This is what the W3C Validator prints for an img tag without an alt attribute:
"An img element must have an alt attribute, except under certain conditions."
I can't find anything about it... at least nothing more than what the alt tag is about.
Does anybody know what conditions?
The W3 outlines the reason:
In some cases an image is included in a published document, but the author is unable to provide an appropriate text alternative. In such cases the minimum requirement is to provide a caption for the image using the figure and figcaption elements under the following conditions:
- The img element is in a figure element
- The figure element contains a figcaption element
- The figcaption element contains content other than inter-element whitespace
- Ignoring the figcaption element and its descendants, the figure element has no Text node descendants other than inter-element whitespace, and no embedded content descendant other than the img element.
In other words, the only content of the figure is an img element and a figcaption element, and the figcaption element must include (caption) content.
Such cases are to be kept to an absolute minimum. If there is even the slightest possibility of the author having the ability to provide real alternative text, then it would not be acceptable to omit the alt attribute.
Code example of an allowable case for no alt attribute:
<figure> <img src="clara.jpg"> <figcaption>clara.jpg, taken on 12/11/2010.</figcaption> </figure>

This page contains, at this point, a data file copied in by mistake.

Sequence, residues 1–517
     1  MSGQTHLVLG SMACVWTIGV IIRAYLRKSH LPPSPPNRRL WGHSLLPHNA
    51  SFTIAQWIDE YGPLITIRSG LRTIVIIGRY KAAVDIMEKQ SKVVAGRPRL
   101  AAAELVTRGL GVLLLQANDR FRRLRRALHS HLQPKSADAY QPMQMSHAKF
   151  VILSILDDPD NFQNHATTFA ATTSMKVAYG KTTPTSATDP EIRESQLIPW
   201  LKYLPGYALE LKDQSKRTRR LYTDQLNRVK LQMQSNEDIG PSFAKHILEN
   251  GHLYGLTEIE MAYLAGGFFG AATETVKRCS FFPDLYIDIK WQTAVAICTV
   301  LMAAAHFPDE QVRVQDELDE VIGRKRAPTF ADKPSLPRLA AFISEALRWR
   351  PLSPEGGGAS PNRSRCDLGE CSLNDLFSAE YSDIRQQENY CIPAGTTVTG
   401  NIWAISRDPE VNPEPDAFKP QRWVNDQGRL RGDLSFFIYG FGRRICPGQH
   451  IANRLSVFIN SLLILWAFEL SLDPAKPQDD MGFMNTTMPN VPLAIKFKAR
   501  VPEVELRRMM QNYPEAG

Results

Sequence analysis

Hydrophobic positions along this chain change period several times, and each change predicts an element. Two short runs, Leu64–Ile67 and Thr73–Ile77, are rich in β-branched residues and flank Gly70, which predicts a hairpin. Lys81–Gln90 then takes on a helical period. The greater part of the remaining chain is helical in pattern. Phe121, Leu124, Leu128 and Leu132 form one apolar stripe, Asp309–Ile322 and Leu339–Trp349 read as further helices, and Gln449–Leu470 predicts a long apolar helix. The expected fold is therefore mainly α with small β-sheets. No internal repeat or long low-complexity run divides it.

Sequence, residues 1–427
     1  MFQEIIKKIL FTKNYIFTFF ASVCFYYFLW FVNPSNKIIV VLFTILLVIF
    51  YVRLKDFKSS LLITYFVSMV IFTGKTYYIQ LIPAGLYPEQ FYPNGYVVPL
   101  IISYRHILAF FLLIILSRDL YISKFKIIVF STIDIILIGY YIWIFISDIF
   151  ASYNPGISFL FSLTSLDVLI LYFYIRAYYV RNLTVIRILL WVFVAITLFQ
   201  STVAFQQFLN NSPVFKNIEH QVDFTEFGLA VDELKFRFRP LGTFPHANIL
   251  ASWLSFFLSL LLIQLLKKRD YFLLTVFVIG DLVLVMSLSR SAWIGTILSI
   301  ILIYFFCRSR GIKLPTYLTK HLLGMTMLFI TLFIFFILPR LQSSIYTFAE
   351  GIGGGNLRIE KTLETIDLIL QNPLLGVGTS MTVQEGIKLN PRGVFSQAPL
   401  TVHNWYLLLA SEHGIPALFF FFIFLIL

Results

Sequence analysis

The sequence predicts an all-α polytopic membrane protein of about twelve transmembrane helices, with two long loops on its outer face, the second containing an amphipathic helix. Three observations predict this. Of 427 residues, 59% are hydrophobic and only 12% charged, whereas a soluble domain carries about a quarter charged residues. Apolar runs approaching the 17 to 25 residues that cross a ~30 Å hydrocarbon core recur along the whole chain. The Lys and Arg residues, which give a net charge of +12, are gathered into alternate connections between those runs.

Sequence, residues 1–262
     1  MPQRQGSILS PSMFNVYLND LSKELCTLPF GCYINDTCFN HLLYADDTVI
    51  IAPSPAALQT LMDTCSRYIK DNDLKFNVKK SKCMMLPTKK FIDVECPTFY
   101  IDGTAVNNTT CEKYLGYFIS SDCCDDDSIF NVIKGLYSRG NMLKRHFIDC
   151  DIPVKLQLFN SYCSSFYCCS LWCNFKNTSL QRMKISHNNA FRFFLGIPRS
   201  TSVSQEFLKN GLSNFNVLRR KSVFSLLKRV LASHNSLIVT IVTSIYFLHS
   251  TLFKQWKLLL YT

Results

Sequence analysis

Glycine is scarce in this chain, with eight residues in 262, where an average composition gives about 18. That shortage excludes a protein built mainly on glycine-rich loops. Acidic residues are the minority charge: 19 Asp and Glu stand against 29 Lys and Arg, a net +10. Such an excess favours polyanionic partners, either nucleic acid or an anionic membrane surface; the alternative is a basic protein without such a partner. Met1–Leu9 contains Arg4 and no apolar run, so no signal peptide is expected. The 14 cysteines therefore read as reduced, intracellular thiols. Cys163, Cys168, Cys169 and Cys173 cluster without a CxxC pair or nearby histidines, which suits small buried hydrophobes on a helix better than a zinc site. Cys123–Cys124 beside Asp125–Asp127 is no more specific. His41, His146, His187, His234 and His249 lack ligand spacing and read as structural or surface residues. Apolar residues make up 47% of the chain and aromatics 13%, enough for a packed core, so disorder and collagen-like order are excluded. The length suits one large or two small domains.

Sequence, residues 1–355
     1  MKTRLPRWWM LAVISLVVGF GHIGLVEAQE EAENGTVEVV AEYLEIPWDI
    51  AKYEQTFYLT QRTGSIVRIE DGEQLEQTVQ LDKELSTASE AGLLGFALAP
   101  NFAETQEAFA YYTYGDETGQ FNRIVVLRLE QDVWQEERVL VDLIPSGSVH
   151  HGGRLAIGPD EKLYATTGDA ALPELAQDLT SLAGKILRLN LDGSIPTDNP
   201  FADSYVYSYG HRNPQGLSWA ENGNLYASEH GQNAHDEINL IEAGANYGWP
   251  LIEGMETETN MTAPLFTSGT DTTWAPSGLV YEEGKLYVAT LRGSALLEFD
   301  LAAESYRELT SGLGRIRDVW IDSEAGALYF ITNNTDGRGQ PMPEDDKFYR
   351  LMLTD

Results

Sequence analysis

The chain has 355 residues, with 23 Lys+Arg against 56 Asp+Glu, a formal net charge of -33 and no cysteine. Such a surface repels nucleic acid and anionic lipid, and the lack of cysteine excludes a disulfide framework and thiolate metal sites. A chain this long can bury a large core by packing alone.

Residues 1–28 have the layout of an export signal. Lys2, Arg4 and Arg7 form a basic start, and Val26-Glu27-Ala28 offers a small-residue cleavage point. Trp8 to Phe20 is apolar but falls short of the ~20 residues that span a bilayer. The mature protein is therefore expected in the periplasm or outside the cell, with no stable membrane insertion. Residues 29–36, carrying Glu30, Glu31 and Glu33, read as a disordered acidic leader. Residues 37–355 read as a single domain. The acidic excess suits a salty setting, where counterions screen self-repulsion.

A conformance checker must report the lack of an alt attribute as an error unless one of the conditions listed below applies:
The img element is in a figure element that satisfies the conditions described above.
The img element has a title attribute with a value that is not the empty string (also as described above).
The conformance checker has been configured to assume that the document is an e-mail or document intended for a specific person who is known to be able to view images.
The img element has a (non-conforming) generator-unable-to-provide-required-alt attribute whose value is the empty string. A conformance checker that is not reporting the lack of an alt attribute as an error must also not report the presence of the empty generator-unable-to-provide-required-alt attribute as an error. (This case does not represent a case where the document is conforming, only that the generator could not determine appropriate alternative text — validators are not required to show an error in this case, because such an error might encourage markup generators to include bogus alternative text purely in an attempt to silence validators. Naturally, conformance checkers may report the lack of an alt attribute as an error even in the presence of the generator-unable-to-provide-required-alt attribute; for example, there could be a user option to report all conformance errors even those that might be the more or less inevitable result of using a markup generator.)